The cash budget provides an analysis of expected cash receipts, cash expenses, savings and investments and thus assists one in achieving the different financial goals in a timely manner.
A budget is a plan for expected incomes and expenses during a defined time in the future. The cash budget provides an analysis of expected cash receipts, cash expenses, savings, and investments and thus can assist one in achieving the different financial goals in a timely manner. One should prepare a cash budget keeping in view the lifestyle needs, family structure, and personal values. It can be prepared on a monthly, quarterly or even on an annual basis.
As the life goals of an individual advance over time, the cash budget also commensurately changes. This is because as one moves through various stages in the life cycle, the financial position of an individual becomes more complex. The number of income and expenditure items increases due to an increase in assets and liabilities and also due to an increase in the family size and one’s roles and responsibilities. Thus a periodic review and revision of the cash budget are required on a continuous basis.
Let us now look at the steps in preparing a cash budget and how the same is useful in personal financial planning. There are essentially three steps in preparation of a cash budget i.e. preparing an estimate of income, the estimate of expenses and finally ascertaining the net cash position. any anticipated changes in the cost of living should also be taken into account while preparing the budget along with the changes expected in the level of income.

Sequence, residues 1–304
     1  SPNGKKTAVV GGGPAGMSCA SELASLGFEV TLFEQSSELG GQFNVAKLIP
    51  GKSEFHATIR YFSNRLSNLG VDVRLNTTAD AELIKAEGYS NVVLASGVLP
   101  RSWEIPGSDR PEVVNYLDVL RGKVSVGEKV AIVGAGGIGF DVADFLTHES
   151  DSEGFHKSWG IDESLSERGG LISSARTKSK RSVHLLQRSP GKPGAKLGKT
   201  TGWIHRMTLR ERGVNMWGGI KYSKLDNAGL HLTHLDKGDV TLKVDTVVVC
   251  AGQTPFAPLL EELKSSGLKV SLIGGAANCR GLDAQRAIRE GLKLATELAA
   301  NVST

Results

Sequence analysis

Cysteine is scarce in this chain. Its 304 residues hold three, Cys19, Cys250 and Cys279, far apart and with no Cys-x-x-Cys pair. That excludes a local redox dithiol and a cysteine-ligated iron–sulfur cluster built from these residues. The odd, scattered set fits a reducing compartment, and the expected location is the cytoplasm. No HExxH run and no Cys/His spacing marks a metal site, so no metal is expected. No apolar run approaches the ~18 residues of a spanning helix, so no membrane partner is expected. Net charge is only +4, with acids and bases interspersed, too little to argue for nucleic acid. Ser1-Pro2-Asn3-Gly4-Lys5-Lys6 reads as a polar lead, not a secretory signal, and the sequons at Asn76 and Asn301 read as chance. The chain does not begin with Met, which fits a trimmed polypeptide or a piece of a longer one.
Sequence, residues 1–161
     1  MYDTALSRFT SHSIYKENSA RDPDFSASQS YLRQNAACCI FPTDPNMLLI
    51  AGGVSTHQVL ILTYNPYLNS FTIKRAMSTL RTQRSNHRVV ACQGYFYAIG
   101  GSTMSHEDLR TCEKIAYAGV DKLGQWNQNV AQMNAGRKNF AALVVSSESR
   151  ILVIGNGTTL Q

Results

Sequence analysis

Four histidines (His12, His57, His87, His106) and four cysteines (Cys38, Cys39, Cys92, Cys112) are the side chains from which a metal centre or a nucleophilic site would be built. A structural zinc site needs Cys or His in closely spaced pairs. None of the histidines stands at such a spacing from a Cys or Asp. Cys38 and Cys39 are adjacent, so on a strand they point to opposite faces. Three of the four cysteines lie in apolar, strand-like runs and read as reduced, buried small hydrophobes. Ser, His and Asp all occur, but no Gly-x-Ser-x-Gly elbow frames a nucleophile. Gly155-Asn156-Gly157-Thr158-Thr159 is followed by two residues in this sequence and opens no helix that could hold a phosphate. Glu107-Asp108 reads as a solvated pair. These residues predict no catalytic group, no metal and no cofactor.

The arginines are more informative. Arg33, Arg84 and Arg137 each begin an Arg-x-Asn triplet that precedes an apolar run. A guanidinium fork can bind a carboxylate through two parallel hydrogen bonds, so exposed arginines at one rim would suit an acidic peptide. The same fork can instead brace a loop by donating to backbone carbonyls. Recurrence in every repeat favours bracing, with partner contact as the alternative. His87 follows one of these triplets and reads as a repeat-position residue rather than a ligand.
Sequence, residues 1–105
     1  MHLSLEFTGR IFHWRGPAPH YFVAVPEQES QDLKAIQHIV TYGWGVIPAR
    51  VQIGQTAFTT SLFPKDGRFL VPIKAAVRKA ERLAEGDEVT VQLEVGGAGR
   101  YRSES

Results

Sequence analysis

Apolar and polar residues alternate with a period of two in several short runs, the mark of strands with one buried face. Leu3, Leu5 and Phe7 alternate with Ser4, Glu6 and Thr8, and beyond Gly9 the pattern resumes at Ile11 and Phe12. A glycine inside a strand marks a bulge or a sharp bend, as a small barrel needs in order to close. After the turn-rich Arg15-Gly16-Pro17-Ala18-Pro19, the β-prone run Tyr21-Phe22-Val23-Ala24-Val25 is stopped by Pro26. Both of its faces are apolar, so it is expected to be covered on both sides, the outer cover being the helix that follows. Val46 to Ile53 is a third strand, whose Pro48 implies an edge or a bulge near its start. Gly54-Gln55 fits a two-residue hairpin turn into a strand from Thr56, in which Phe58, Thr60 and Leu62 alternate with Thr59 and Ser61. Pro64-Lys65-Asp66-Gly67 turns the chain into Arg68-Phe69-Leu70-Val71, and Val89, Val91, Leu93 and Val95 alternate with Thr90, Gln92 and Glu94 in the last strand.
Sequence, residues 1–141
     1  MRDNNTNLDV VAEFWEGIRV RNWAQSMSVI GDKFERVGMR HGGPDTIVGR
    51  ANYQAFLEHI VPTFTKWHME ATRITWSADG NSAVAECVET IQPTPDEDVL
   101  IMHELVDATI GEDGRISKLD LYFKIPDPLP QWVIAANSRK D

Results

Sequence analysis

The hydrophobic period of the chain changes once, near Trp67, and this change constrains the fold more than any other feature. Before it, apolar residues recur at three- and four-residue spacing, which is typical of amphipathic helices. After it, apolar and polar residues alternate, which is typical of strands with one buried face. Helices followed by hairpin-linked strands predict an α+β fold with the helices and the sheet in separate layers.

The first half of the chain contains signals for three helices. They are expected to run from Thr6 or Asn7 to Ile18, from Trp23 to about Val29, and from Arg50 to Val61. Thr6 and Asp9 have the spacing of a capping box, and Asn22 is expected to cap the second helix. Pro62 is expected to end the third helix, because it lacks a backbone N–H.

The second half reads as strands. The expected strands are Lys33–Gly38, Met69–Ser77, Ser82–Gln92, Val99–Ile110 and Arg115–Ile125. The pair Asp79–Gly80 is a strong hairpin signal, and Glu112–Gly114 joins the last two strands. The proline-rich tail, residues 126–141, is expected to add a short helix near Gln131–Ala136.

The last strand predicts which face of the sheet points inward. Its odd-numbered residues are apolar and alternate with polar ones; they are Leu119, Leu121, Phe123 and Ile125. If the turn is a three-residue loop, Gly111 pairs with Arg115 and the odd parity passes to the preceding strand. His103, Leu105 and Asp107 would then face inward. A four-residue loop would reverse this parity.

Estimation of income.
The cash budget starts with preparing a realistic estimate of income from different sources such as salary, rental income, interest income, etc. Care should be taken to ensure that an item for which repayment has to be made, should not be taken as an income in the cash budget. For instance, a loan received, which will have to be repaid, is not a receipt of income and hence should not be included in the sources of income. Likewise, in the case of salary income, the take-home amount should be considered in the preparation of the cash budget and not the gross amount which is subject to certain deductions.
Estimation of expenses.
Preparing an estimate of expenses during the forthcoming period may call for a more thorough analysis of the current situation and future aspirations. It becomes easy to estimate the future expenses if one is habitual of maintaining a proper past record of bills, credit card payments, and bank account statements. Expenses can be appropriately estimated by analyzing the expenditures periodically incurred and then following the past trend to forecast the future.
Finalizing the cash budget.
After preparing a thorough estimate of income and expenses, the next step is to compare the two. Doing so helps one to identify the expected deficit or surplus. The deficit would arise where expenses are expected to exceed the income generation potential. One then can either focus upon reducing expenses to the extent possible or plan for the arrangement of funds to meet the shortfall. In case there is a surplus, it provides the individual an opportunity to initiate new investments and realize life goals through proper financial planning.
It is usually seen that the expenses are not exactly and uniformly matched up with income throughout the year. In some months of the year, there is a heavy expenditure planned while in other months the expenditure is at a significantly lower level. One can adopt different strategies to deal with such mismatched situations. To reduce the deficit in months of heavy expenditures, one may transfer some expenses (if possible) to months where cash surplus is significantly available. The deficit can alternatively be covered through savings and investment income or by borrowings. The loans and borrowings can then be repaid in months where the surplus is sufficiently available.
Preparing a cash budget is an essential prerequisite for proper financial planning. It helps one monitor his/her finances, allocate a part of income towards investment, instill discipline in spending and attain different life goals.
Will it be hard? Yes. Will it be worth it? Absolutely !